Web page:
First-time buyers have saved £426m in Stamp Duty since it was scrapped a year ago
More than 180,500 first-time buyers have saved a total of £426m through First Time Buyers Relief, according to HM Revenue and Customs.
The tax relief was introduced on 22 November 2017, and was last month extended to first-time buyers purchasing through approved shared ownership schemes in the Budget.
Mel Stride MP, Financial Secretary to the Treasury, said: “These statistics show that the government was right to offer a helping hand to first-time buyers. Without this investment, more than 180,500 new homeowners may have struggled to get onto the property ladder. Maintaining the status quo was not an option.”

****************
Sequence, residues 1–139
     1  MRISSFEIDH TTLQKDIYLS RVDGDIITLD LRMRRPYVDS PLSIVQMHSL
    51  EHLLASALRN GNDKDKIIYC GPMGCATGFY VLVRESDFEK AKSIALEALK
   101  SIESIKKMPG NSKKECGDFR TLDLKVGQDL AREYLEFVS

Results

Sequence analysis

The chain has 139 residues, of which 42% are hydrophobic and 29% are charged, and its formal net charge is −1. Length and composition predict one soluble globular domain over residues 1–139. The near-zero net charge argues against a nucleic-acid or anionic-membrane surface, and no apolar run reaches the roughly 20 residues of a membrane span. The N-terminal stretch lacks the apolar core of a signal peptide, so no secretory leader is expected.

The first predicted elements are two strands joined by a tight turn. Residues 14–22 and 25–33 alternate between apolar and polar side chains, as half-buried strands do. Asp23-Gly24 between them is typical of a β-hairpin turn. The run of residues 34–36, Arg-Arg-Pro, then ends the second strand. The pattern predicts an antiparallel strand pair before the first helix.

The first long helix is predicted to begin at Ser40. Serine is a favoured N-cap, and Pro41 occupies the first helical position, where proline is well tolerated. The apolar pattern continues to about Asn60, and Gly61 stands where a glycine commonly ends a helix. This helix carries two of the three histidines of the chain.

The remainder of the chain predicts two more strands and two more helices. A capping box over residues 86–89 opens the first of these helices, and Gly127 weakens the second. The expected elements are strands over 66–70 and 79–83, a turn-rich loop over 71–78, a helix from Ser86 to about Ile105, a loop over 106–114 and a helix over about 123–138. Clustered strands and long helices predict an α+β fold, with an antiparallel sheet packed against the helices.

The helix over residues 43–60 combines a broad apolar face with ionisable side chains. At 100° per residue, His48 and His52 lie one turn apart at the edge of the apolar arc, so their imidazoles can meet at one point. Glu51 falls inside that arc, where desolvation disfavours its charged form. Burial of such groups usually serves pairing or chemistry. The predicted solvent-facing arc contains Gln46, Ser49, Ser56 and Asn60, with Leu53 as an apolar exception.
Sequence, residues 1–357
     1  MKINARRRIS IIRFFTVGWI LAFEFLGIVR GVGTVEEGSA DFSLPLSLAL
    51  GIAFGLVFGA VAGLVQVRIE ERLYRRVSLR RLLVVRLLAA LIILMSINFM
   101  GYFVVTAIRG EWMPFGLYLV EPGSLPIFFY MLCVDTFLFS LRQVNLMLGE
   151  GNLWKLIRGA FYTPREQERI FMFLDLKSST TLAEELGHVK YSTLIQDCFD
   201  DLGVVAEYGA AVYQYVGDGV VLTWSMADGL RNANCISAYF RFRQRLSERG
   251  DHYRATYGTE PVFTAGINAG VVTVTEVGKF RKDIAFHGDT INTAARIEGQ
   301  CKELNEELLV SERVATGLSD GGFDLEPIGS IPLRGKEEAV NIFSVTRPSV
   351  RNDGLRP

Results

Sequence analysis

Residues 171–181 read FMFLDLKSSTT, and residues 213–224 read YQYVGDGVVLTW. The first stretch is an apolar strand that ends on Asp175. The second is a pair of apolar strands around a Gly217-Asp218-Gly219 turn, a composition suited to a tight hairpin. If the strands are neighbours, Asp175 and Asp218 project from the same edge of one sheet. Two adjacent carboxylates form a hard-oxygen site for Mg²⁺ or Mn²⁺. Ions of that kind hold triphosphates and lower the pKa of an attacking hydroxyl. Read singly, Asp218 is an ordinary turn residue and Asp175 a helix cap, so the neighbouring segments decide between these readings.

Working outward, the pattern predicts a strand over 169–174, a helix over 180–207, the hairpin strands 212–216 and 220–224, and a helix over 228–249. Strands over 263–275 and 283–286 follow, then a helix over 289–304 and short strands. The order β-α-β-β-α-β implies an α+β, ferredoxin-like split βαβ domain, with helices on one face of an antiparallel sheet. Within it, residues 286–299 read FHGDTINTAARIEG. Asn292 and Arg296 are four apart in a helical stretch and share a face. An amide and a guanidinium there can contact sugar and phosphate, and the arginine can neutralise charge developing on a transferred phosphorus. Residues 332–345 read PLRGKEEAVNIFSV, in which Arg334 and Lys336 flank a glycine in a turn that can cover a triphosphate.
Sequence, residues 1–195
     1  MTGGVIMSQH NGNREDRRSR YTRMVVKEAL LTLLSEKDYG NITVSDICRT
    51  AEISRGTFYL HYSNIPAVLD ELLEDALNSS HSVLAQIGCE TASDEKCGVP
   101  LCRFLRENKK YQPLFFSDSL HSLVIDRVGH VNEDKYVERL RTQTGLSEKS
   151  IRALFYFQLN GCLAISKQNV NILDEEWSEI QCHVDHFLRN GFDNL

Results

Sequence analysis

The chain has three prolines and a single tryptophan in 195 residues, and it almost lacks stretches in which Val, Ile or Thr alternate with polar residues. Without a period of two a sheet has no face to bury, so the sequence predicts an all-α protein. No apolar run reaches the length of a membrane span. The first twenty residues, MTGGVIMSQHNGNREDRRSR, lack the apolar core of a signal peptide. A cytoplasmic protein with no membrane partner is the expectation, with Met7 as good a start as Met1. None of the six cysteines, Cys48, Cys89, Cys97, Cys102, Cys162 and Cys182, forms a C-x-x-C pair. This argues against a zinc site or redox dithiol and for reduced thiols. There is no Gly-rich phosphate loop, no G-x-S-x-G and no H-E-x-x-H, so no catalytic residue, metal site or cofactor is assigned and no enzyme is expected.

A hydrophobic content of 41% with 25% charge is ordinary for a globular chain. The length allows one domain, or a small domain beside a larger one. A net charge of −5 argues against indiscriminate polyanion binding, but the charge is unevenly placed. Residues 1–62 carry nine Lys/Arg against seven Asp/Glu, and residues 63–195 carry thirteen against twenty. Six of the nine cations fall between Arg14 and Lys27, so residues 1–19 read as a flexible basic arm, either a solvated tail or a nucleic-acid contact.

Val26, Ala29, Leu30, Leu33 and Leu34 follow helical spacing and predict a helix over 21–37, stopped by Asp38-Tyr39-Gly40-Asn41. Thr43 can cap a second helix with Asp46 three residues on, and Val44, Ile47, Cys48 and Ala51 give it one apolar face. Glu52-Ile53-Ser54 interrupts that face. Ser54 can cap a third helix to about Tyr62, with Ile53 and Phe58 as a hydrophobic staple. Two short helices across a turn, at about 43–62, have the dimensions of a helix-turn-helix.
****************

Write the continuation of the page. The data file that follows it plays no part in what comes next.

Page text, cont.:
How does it work?
First Time Buyers Relief is a Stamp Duty relief for eligible first-time buyers. It can be used when buying a residential property where the purchase price is no more than £500,000 in England and Northern Ireland, as long as the purchaser does not own any other properties and intends to use it as their main residence.
Where the purchase price is between £300,000 and £500,000, SDLT at 5% is due on the amount above £300,000. For example, a property purchased for £450,000 would pay £7,500 SDLT (5% of £150,000). This gives a saving of up to £5,000 for each first time buyer.
The relief was claimed in more than 58,800 transactions between July and September this year, an increase of 12% compared to the previous quarter.